Banning Books is Bad for All. Belonging is the Answer

James Baldwin famously said of the Black experience with belonging in America, “It comes as a great shock around the age of 5, 6, or 7 to discover that the flag to which you have pledged allegiance, along with everybody else, has not pledged allegiance to you.”  

I thought of Baldwin this summer and was drawn back to the news of the recent controversy in Temecula, CA. The Temecula Valley Unified School District (TVUSD) Board voted in June, during Pride Month, to ban a history textbook because it discussed Harvey Milk, the slain San Francisco County Supervisor, who was the first openly gay elected official in California history and a leader in the Gay Rights Movement of the 1970s.

Baldwin, a Black, gay, civil rights icon, knew that children as early as kindergarten internalize the subtle (and not so subtle) messages society sends to some that say, “You do not belong.” His words in 1966 were directed at Northern racism and Southern Jim Crow, but he could have applied that same sentiment to what is happening in Temecula today. When we ban books and limit teaching about communities that have long been told they do not belong – that the American Dream is not for them — we reinforce that message of exclusion.

Last year it was “anti-CRT.” In December, the same Temecula school board banned the teaching of Critical Race Theory (CRT) during a period of intense anti-CRT backlash across California. The goal of the backlash appears to be to scare teachers away from teaching about the role of race in American history and the long-term impacts of racism in America. Battles erupted at school board meetings all over the state.

Critical Race Theory is taught in law schools, not high schools. But the principles of CRT can still help us understand how public policies — like neighborhood segregation in towns and cities across America, including in California — had lasting impact generations after the policies were repealed. And that, for some reason, is something the school board in Temecula is afraid to let their children learn.

Now the school board has banned a history textbook because it includes Harvey Milk, one of the most important LGBTQ+ heroes in California and American history. I’m from the Bay Area. I remember the day he was shot and killed in San Francisco. To ignore Harvey Milk in the teaching of California history makes little academic sense. To ban him is an injustice, and it hurts all students.

Then the TVUSD School Board took the additional step of firing their superintendent without cause, presumably for standing up for Black history and LGBTQ+ inclusion. These moves by the Temecula school board have earned a sharp rebuke from Governor Gavin Newsom and Attorney General Rob Bonta and sparked a voter effort to recall some TVUSD School Board members. Governor Newsom has even promised to provide the banned textbooks to students and parents in Temecula if the school board does not.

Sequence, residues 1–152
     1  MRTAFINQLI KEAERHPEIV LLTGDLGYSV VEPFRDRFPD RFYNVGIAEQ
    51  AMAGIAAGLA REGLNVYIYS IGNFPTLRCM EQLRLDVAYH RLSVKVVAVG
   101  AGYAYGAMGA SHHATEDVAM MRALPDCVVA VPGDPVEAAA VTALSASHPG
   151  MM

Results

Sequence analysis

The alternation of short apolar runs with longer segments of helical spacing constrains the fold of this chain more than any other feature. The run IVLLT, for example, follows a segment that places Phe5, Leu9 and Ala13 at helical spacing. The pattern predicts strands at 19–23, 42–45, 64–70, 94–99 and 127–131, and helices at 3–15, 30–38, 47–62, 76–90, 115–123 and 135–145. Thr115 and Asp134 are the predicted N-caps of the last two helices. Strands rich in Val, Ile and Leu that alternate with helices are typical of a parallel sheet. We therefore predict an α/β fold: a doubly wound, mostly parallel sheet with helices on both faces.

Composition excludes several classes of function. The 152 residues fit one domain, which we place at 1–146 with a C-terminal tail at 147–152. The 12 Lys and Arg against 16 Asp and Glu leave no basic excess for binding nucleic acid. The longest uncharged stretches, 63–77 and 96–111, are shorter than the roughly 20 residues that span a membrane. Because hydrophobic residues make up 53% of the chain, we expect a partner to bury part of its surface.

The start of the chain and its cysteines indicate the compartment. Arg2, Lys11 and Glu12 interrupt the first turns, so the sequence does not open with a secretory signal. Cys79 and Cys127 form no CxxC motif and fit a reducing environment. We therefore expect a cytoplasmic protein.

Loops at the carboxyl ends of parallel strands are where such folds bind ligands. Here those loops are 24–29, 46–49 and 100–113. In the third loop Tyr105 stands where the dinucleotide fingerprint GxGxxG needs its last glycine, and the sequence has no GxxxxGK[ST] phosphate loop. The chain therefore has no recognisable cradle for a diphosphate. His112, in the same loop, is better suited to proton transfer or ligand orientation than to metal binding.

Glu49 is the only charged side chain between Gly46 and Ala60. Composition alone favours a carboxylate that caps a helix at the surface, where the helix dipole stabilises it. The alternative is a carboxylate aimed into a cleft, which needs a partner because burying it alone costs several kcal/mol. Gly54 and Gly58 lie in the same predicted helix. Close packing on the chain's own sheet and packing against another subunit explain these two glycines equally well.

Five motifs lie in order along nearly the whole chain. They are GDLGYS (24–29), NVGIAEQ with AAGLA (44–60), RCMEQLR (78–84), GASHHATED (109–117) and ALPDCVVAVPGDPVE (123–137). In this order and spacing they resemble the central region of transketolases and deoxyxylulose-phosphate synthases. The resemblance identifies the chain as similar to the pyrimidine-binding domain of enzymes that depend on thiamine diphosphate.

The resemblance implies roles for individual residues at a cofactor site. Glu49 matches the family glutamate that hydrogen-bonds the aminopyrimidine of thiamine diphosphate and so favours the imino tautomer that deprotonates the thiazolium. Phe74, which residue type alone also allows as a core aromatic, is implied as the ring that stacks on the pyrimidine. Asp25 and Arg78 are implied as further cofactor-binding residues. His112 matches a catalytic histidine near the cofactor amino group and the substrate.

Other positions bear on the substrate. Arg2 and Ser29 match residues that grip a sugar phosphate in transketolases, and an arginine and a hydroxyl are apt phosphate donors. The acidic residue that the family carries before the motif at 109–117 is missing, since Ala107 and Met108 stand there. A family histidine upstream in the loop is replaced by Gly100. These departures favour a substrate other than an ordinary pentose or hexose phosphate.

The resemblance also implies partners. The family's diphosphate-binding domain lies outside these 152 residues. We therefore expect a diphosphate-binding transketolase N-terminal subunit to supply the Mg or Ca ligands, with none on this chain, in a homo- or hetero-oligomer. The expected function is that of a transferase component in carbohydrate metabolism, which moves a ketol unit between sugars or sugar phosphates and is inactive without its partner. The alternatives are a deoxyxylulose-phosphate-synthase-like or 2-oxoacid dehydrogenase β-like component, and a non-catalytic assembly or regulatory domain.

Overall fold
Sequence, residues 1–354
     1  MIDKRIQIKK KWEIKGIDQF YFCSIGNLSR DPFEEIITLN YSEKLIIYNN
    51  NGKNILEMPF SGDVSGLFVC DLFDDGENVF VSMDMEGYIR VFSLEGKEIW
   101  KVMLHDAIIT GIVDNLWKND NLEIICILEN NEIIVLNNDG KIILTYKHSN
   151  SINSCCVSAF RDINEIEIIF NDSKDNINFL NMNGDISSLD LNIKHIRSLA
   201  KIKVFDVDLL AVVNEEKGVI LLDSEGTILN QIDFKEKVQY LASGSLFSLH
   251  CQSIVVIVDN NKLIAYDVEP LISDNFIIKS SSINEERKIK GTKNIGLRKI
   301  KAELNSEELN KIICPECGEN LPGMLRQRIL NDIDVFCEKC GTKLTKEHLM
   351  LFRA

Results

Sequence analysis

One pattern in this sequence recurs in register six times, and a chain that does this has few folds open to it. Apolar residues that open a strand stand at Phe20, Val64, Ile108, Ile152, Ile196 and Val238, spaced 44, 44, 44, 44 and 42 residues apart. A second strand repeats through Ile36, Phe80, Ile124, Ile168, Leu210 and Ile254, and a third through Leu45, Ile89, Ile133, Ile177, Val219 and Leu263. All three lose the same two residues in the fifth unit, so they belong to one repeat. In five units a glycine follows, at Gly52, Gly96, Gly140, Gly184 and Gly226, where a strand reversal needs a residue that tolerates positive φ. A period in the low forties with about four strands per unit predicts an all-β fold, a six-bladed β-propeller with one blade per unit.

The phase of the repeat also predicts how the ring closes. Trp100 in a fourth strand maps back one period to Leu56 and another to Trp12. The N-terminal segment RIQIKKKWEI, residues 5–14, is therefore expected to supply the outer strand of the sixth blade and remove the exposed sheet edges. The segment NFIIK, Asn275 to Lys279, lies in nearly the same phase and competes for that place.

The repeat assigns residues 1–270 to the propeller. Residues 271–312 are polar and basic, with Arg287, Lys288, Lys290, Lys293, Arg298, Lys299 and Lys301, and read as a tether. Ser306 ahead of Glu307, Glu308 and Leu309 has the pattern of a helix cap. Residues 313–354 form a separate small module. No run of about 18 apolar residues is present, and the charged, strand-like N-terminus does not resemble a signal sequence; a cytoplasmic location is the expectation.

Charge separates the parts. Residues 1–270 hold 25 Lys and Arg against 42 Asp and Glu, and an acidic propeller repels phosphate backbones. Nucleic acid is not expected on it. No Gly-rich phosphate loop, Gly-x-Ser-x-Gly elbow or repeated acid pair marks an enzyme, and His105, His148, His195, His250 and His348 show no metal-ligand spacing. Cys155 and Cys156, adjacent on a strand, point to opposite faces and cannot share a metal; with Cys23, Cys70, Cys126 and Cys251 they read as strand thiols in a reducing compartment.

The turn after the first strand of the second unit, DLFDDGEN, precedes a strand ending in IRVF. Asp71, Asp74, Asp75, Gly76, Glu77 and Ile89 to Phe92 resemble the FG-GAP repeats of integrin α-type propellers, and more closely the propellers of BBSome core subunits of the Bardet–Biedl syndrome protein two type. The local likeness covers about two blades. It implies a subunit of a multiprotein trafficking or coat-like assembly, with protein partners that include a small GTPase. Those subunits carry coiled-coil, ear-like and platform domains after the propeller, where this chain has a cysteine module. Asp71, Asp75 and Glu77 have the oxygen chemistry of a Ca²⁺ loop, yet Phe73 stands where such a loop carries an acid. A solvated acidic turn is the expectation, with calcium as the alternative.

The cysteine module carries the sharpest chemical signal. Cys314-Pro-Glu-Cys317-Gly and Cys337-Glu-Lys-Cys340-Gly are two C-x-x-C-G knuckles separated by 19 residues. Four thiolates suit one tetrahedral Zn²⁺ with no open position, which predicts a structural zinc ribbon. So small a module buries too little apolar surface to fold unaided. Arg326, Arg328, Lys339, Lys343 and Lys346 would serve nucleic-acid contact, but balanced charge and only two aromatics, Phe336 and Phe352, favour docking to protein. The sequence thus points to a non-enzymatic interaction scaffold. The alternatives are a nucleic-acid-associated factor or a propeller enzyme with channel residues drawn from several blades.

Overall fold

Teaching about race, Black history, and LGBTQ+ inclusion is not a threat to anybody. It helps everybody. Research shows that creating a climate of belonging on school campuses is critical to learning. Young people learn best when they feel a sense of community at school. If messages come from adults that some students do not belong, it disrupts learning and harms everyone. But when schools create a climate of belonging, students thrive.

A new report called Fostering Belonging, Transforming Schools: The Impact of Restorative Practices, from the Learning Policy Institute, looked at data from over 4000 schools over 6 years and found that implementing restorative practices to create a sense of community and belonging in schools leads to improved academic achievement, better school climate, increased safety, and decreases in suspension rates and racial disparities. That’s because it sets the conditions for good teaching and learning to take place.

California made a bold move in this direction with the launch of the California Community Schools Partnership, including a comprehensive framework and funding to support it. It brings over $4 billion to schools throughout the state to help them transform into community schools. Community schools serve the needs of the whole child by bringing community resources onto school campuses, promoting healing and safety, and prioritizing a positive school climate so all students thrive. 

One of the important lessons from the Temecula controversy is that school leaders should work to create a sense of belonging, community, and even solidarity on their campuses instead of exclusion and division. And it starts at the top, with school boards.

On that test, this Temecula school board failed.

Castle Redmond is the Managing Director of Education Justice at The California Endowment. He also worked for over a decade in public education in Oakland and East Palo Alto, CA.


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